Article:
A ‘Pet-Nat’ sparkling wine

The term “Methode Ancestrale” is a French word that can be translated as “Ancestral Method” and is often referred to as ‘Pet-Nat’ (abbreviation for ‘Petillant Naturel’). It is used to describe a particular method for making sparkling wines. It is different than the “Methode Champenoise” used to make Champagne, sometimes called “Traditional Method” (click here to learn more about the traditional method). It is also different from the Tank Method, also known as “Charmat-Martinotti Method” (click here to learn more about the Charmat-Martinotti method).

In the 16th century, wine was bottled when fermentation was only partially complete. In the spring, warming temperatures revived the yeast and fermentation ended inside the corked bottle, trapping carbon dioxide.

These sparkling wines were originally cloudy, due to dead yeast cells remaining trapped in the bottle.

Today, this original method of production is only used by a small handful of small artisanal producers. The majority of producers using the Ancestral Method ferment their wines in vats and cool the wine as soon as it reaches 6° alcohol level. This allows the fermentation to be temporarily halted in order to bottle the wine. Fermentation can thus resume in the bottle as soon as the temperature rises. The fact that the end of fermentation takes place in the bottle will allow the CO2 released to be integrated into the wine to form the bubbles that will give all its sparkle to the final wine.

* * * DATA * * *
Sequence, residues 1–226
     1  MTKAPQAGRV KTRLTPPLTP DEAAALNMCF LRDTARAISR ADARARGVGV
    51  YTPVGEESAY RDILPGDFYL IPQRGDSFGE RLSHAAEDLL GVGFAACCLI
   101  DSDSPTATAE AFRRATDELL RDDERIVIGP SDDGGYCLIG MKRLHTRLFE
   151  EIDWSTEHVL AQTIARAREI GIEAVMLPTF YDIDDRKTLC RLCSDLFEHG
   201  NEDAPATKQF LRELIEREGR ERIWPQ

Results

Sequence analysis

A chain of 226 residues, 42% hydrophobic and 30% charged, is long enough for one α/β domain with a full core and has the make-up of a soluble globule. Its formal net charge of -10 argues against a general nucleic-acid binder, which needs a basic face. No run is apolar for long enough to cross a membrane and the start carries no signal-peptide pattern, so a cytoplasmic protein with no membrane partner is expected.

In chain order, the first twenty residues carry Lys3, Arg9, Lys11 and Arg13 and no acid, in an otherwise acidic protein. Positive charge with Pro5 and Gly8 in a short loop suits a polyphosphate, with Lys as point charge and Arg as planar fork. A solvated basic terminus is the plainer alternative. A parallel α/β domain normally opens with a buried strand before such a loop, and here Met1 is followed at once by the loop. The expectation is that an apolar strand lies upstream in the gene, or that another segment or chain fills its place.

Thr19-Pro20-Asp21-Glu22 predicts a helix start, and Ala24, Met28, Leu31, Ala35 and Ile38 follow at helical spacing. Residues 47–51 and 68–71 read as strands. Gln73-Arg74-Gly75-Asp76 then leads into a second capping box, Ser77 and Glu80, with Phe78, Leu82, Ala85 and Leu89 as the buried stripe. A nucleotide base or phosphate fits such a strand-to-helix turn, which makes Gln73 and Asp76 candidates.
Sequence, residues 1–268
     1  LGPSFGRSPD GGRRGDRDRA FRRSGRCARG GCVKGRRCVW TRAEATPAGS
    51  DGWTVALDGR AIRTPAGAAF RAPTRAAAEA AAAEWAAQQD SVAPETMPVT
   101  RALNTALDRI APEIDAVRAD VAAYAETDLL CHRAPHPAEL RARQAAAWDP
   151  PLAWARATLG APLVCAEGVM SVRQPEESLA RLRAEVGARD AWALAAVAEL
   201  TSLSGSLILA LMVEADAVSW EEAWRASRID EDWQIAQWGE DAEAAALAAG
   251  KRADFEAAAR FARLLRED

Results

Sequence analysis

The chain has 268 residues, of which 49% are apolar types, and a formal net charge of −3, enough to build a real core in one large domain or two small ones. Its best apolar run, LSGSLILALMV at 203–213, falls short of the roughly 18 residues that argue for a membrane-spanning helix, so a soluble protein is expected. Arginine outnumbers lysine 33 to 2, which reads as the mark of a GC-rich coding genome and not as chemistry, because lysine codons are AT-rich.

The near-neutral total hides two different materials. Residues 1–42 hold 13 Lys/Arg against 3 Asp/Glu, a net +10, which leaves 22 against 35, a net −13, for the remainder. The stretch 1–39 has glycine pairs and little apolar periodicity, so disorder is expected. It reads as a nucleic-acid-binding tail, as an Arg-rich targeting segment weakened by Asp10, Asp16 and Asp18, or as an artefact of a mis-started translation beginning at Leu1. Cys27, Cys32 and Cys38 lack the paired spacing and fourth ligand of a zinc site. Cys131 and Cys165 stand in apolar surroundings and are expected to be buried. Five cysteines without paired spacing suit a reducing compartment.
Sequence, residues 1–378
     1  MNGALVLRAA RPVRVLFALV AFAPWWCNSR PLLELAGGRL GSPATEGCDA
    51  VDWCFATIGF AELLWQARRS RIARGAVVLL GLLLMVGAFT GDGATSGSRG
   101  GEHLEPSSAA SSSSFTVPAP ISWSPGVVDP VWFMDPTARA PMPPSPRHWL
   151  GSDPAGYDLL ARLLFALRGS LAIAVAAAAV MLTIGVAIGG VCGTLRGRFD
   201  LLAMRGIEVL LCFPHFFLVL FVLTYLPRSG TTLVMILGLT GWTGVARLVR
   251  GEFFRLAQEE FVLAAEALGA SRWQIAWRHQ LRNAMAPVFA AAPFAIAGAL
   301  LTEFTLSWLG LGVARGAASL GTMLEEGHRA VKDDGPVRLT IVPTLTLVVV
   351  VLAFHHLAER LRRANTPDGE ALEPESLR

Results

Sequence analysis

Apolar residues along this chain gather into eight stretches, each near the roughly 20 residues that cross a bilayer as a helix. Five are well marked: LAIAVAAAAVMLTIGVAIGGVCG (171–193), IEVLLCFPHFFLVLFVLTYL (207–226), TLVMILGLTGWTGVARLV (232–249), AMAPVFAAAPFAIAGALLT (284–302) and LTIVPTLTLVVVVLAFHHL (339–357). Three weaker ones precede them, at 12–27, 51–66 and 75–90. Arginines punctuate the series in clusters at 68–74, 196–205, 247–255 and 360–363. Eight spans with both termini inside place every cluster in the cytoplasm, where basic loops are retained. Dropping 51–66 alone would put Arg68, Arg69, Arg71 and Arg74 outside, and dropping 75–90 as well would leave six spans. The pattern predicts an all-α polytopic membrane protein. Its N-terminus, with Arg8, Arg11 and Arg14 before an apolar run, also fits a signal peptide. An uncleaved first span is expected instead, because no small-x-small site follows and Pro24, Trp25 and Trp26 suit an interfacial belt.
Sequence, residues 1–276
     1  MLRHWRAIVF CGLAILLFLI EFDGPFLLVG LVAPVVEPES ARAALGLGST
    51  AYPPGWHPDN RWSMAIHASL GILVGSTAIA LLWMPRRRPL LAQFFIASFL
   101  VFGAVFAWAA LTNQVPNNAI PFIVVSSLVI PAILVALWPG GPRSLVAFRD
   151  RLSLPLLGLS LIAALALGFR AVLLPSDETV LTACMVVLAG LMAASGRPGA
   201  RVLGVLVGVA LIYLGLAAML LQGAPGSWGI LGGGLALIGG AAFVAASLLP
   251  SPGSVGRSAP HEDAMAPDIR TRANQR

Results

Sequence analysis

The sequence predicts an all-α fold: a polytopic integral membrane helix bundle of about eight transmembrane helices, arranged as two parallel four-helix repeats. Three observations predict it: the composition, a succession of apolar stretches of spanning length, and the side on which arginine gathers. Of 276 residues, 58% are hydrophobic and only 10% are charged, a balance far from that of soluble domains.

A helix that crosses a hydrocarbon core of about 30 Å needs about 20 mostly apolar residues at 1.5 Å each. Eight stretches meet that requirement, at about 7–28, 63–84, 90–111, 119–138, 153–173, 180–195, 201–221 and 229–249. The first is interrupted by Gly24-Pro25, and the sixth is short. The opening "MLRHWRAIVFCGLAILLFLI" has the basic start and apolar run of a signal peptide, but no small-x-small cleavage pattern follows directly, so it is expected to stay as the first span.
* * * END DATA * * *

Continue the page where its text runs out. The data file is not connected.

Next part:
What to expect from it?

It has to be noted that although this production method has been revived in recent years, there are no regulations about it. Therefore, there are some degrees of variability from country to country for wine labeled as ‘Pet-Nat’.

Furthermore, because there is no intervention in the fermentation process once the bottle has been sealed, the outcome can vary. For example, fermentation will frequently slow or halt after a few months because the yeast becomes unviable after this time and due to a shortage of yeast nutrients, resulting in a sweeter wine. It is also quite frequent for the fermentation to start up again later.

Therefore, the final results are difficult to predict for the producer as they are highly variable among bottles from the same vintage. Some bottles will have higher pressure and less residual sugar, while others will have lower pressure and more residual sugar (if the yeasts have been killed due to bad customer cellar conditions).

Finally, these wines are bottled without additional SO2. They are generally cloudy in the customer’s glass (which is not a fault but can be misconsidered by customers due to their appearance). They are low in alcohol and show unconventional flavors that range from tropical fruits to cider aromas.

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